Frank A. Seiberling Goodyear Tire and Rubber
Undoubtedly there are many people in the world who have actual claims to greatness, to fame and fortune: people who hail from families that, by birthright, have a certain lineage that includes the social elite. The Kennedy and Rockefeller families come to mind. My family does not. However, things might have been very different had my great, great grandfather, who built a publishing empire of sorts, not been sued by Encyclopedia Britannica over alleged copyright violations. He won the lawsuits, but the legal fees left him nearly broke, and thus ended The Werner Printing and Lithograph Company and any hopes of fame and fortune for future generations of this Werner family. In previous entries on this blog I’ve made clear here and here that I do not hail from the other Werner families that have attained fame and fortune for various corporations bearing
my last name the same last name as me.
But there was a time. Because of his esteemed position in society, my great, great grandfather personally knew the likes of Queen Victoria and Buffalo Bill Cody. He was said to have made a personal loan to his friend, Frank A. Seiberling, to help Seiberling start a certain business in Akron, Ohio (the Goodyear Tire and Rubber Company). He could have asked for a small stake in the company, but he did not. Things could have turned out very differently had he done so.
There’s actually quite a bit of historical reference material written about him because of the impact he had on Akron’s early industry. I find it ironic that the day on which I discovered this article in the Akron & Summit County blog was also the 82nd anniversary of my great, great grandfather’s death. If you’re remotely curious, I wrote about my great, great grandfather, P.E. Werner, here.
Family histories are full of ups and downs, but who we are today is what really matters. And while it makes no sense to live in the past, it’s fun to research the olden days. To that end I was recently going through old photos that have been stored in my dad’s basement for decades. I’d seen many of these photos before, but this time I spent a greater amount of time and interest looking through them and writing down dates. With my dad present, I was able to hear some interesting stories behind some of the photos. One photo in particular caught my attention. My grandfather, Albert Richard Werner, is seen when he was a young man in his 20’s wearing his Akron University letterman’s sweater. He’s holding a respectably-sized pike (or perhaps a muskie) that he caught on a fishing trip somewhere in the proximity of Akron, Ohio. I don’t know that my grandfather was what one would consider an avid angler, but he obviously fished occasionally, as evidenced by this photo.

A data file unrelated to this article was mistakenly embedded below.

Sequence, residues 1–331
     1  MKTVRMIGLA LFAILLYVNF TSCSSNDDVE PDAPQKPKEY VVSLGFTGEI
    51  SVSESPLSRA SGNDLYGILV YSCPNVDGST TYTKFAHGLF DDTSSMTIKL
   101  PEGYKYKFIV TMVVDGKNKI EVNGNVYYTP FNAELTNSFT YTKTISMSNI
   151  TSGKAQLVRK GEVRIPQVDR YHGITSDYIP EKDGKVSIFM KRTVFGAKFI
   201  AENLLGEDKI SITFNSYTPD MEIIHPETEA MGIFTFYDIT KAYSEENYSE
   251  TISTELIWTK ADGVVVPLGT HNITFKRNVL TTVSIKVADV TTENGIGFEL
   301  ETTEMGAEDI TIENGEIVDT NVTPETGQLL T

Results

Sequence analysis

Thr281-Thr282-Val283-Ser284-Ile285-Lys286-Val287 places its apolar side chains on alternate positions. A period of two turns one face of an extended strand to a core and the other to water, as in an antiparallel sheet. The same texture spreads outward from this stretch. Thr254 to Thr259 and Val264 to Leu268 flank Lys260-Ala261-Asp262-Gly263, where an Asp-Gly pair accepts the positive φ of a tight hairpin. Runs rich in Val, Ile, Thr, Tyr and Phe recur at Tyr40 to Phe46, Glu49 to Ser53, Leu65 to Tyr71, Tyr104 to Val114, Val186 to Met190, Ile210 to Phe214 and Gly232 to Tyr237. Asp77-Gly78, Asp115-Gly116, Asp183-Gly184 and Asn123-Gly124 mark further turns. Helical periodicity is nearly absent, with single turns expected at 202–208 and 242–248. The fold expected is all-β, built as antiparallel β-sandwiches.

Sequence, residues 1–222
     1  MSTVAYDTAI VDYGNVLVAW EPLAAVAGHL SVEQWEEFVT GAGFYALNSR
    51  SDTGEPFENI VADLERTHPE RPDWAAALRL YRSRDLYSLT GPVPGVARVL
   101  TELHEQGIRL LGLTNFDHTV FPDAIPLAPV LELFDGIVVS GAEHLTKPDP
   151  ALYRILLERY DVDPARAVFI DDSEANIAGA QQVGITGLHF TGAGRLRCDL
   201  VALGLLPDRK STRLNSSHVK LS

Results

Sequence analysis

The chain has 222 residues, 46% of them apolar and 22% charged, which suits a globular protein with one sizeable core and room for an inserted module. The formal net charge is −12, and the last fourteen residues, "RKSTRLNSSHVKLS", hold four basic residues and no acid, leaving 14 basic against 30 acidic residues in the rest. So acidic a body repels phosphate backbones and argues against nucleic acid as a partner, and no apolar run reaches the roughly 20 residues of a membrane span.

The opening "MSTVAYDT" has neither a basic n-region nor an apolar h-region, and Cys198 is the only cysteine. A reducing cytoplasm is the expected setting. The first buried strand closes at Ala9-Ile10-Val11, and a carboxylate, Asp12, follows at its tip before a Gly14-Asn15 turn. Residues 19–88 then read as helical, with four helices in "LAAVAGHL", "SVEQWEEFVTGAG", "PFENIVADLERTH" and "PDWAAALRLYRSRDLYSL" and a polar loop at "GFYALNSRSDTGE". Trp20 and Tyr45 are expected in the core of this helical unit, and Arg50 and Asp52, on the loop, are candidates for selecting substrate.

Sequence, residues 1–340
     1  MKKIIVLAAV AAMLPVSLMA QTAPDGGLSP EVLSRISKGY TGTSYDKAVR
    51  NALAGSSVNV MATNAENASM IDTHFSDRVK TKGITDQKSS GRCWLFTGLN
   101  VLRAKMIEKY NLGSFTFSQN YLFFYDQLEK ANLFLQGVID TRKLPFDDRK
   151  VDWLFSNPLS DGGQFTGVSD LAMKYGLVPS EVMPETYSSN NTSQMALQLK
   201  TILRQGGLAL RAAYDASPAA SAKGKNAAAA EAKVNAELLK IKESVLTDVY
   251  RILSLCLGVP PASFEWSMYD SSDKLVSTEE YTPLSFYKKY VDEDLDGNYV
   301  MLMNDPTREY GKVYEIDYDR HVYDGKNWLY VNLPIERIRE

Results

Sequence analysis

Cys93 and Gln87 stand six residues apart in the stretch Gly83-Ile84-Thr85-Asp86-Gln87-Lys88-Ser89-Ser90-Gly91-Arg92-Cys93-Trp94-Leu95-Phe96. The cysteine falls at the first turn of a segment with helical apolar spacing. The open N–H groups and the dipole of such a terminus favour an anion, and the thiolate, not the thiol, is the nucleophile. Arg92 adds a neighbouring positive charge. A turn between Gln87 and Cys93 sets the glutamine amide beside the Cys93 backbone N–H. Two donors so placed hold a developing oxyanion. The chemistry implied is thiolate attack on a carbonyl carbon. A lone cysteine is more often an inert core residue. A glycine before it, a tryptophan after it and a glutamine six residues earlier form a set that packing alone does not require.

As we looked through the photos my dad told me a story that had been passed down to him from his father: On a particular fishing trip, my grandfather and a buddy encountered mechanical problems with their powerboat, and they were essentially stranded in the middle of a lake. My grandfather had to dive into the water to perform some sort of makeshift repairs the prop of the boat belonging to his buddy, Bill Pfleuger.
Yes, that Pfleuger– the name behind the well-known fishing tackle. I’ve never given much thought to the Pfleuger brand, although I know many regard highly the Medalist fly reels. Curious about my grandfather’s fishing buddy, I did a little internet sleuthing and found ample reference to a William S. Pfleuger, whose father Earnest A. Pfleuger started the famous company. The Bill Pfleuger in question would have been born around 1903– a generation younger than William S.Pfleuger. I wasn’t able to find any information, but perhaps a descendant will read this and contact me. Who knows, maybe one of the unidentified young men in some of the photos I have is their ancestor. Stranger things have happened.
It’s amusing to think that if things had turned out differently for my forefathers this blog might have been titled, “The Accomplished Angler.” Such is not the case, and that’s all fine and dandy. We cannot change the past and it’s best to let bygones be bygones. That being said I will not soon be going out to purchase a set of Encyclopedia Britannica, but I am tempted to seek out a vintage Medalist. After all, my grandfather fished with a Pflueger. Maybe I should, too.
I think my forefathers would approve of both decisions.